The Duke School of Medicine Precision Genomics Collaboratory and the Duke Center for Combinatorial Gene Regulation, an NIH Center of Excellence in Genome Sciences, offered pilot grants to investigators to study the role of whole exome and whole genome sequencing in human cohorts with rare diseases.
These grants were open to investigators at all stages in their careers. We awarded $20,000 grants to three projects
Congratulations to the Awardees!
Awardee: Debra Silver, PhD | Associate Professor, Department of Genetics and Microbiology
Project Title: Using cortical human organoids to model Richieri-Costa-Pereira Syndrome
Human hypomorphic mutations in the RNA-binding protein EIF4A3 cause Richieri-Costa-Pereira syndrome (RCPS), a rare autosomal recessive craniofacial disorder associated with learning impairment and microcephaly. The mutation has been mapped to a specific region in the genome, but, how these mutations cause neurological deficits remains poorly understood. To address this gap, our lab has generated and characterized mouse models and patient cell lines to evaluate EIF4A3 function. The discoveries we have already made have given us foundational information regarding how EIF4A3 mutations may cause neurological disease, including implicating relevant cell types, cellular processes, and transcriptomic targets. With this grant, we will use our unique tools and expertise to characterize brain development in RCPS patient-derived organoids. Our goal is to establish a new model of RCPS and discover new mechanisms by which the EIF4A3 mutation causes neurological disease.
Awardee: Andrew Landstrom, MD, PhD | Assistant Professor, Departments of Pediatrics and Cell Biology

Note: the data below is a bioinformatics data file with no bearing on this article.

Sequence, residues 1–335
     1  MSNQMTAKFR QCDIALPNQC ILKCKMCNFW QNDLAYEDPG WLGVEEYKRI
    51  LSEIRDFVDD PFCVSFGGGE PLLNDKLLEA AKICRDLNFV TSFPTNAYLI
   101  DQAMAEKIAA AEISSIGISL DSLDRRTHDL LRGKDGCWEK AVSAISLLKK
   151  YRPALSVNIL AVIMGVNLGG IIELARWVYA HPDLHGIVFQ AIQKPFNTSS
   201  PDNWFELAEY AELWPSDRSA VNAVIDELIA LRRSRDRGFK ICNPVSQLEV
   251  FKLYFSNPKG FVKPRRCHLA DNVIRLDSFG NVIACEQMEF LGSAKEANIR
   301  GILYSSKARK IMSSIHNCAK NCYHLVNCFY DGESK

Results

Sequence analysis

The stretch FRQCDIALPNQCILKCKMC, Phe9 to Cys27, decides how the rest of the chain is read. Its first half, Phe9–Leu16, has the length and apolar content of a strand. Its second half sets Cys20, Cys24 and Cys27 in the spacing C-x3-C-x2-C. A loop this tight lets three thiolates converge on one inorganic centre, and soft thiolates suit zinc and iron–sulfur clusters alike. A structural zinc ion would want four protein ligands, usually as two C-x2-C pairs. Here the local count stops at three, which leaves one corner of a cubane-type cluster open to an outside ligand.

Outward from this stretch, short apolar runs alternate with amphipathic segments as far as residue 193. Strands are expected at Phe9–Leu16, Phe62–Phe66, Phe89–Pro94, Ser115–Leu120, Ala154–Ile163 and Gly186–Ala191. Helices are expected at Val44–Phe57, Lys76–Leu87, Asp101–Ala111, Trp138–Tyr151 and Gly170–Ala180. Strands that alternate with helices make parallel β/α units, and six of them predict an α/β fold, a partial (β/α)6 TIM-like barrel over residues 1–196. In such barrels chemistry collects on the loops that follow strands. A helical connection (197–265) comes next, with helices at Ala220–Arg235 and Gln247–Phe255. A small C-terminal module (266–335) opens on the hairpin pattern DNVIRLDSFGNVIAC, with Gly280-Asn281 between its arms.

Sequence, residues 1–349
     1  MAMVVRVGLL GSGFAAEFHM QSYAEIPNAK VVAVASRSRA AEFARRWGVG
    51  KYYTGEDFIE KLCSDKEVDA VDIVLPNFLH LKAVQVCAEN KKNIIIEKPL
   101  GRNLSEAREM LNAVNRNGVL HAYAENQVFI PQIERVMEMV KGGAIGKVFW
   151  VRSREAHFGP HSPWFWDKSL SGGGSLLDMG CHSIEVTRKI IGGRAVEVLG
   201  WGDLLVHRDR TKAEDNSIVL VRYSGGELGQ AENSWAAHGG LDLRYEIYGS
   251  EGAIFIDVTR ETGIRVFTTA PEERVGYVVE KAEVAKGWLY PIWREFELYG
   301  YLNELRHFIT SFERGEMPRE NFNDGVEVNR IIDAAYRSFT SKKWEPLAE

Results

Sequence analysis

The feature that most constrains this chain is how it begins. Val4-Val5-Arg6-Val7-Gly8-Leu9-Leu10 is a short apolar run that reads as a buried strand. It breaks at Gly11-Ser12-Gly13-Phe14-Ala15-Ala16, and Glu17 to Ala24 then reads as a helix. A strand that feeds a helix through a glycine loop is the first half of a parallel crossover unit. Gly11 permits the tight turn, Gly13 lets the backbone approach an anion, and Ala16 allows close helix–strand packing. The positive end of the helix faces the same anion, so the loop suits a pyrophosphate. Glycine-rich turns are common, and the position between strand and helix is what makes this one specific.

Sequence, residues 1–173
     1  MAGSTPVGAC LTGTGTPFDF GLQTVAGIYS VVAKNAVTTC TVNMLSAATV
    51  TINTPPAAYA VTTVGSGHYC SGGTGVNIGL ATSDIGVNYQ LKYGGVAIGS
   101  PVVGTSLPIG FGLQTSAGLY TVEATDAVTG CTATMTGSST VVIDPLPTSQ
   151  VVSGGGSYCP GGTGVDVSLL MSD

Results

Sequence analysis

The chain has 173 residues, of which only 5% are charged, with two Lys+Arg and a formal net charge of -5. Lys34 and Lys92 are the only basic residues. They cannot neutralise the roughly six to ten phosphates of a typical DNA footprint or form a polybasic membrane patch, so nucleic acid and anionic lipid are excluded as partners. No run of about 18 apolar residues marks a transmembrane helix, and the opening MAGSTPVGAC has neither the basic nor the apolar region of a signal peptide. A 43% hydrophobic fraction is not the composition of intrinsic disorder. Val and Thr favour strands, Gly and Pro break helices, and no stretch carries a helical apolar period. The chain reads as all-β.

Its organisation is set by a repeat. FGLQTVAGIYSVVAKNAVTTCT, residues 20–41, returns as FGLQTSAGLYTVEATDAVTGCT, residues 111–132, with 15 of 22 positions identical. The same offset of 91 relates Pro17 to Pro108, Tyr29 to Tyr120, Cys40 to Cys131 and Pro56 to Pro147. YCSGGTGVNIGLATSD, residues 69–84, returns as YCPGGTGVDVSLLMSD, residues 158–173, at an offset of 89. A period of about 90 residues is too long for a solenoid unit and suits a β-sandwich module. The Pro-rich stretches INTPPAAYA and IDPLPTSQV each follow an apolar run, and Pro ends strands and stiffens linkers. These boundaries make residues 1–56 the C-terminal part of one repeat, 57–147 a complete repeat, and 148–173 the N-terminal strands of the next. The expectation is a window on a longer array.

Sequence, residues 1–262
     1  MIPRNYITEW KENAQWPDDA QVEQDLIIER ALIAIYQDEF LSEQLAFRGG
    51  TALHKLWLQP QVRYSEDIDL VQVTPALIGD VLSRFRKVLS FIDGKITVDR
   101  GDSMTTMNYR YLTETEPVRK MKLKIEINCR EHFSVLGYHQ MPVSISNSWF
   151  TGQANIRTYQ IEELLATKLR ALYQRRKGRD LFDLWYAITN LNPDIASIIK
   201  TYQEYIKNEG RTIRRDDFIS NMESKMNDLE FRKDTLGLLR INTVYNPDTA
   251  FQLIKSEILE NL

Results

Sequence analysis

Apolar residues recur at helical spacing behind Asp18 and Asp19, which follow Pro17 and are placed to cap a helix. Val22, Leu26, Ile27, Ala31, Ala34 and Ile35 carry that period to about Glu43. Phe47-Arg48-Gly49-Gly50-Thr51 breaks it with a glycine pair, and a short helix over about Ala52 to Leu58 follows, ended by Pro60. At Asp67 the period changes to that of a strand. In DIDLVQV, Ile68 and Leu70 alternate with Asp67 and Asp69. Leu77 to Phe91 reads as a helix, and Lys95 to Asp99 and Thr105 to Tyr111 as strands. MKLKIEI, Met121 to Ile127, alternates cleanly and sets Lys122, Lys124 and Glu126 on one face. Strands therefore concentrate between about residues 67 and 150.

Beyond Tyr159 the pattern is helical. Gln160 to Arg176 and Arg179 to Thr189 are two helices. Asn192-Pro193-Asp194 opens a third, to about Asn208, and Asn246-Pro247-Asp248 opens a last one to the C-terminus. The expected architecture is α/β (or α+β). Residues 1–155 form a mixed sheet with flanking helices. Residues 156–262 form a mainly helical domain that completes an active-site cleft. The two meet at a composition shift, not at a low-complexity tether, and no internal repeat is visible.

Project title: Identifying non-coding variants in genotype-unknown youthful sudden unexplained deaths
Sudden unexplained death in the young (SUDY) is defined as a sudden death in a seemingly healthy individual under 40 years old. Three decades of research into SUDY has identified variants in genes encoding cardiac ion channels and channel regulatory proteins that develop lethal and heritable arrhythmias (channelopathies). Given the youthful age at presentation, non-genetic causes of sudden cardiac arrest, such as acquired heart disease, are unlikely. Our goal is to leverage genome sequencing in SUDY to identify novel genetic mechanisms, or loci, associated with sudden death-predisposing channelopathies. We hypothesize that genetically sequencing elusive SUDY cases will identify candidate genetic variants in the non-coding genome, predominantly deep intronic variants or regulatory regions of known SUDY-associated genes.
Awardee: Derek Peters, PhD | Postdoctoral Fellow, Department of Cell Biology
Project Title: Connecting peripheral artery disease-associated genetic variation to cell type-specific cis-regulatory elements in human skeletal muscle
Genetic and environmental factors contribute to the development of peripheral artery disease (PAD), which effects approximately 200 million people worldwide. Despite existing therapies, critical limb ischemia - a severe form PAD - is associated with a 15-20% amputation rate at one year, highlighting the need for new treatment strategies. Studies have uncovered genetic variants in noncoding regions of the genome that are associated with PAD, although translating these findings into novel disease insight is challenging. Our research project will apply single cell ATAC sequencing to comprehensively catalog candidate gene regulatory elements across the genome in disease-relevant skeletal muscle tissue from PAD patients. We will analyze this data using computational biology methods to predict the gene regulatory effects of disease-associated noncoding variants. If successful, this study will provide insight into the function of PAD-associated genetic variants and serve as a foundation for the discovery of new disease mechanisms and much-needed therapeutic targets for critical limb ischemia.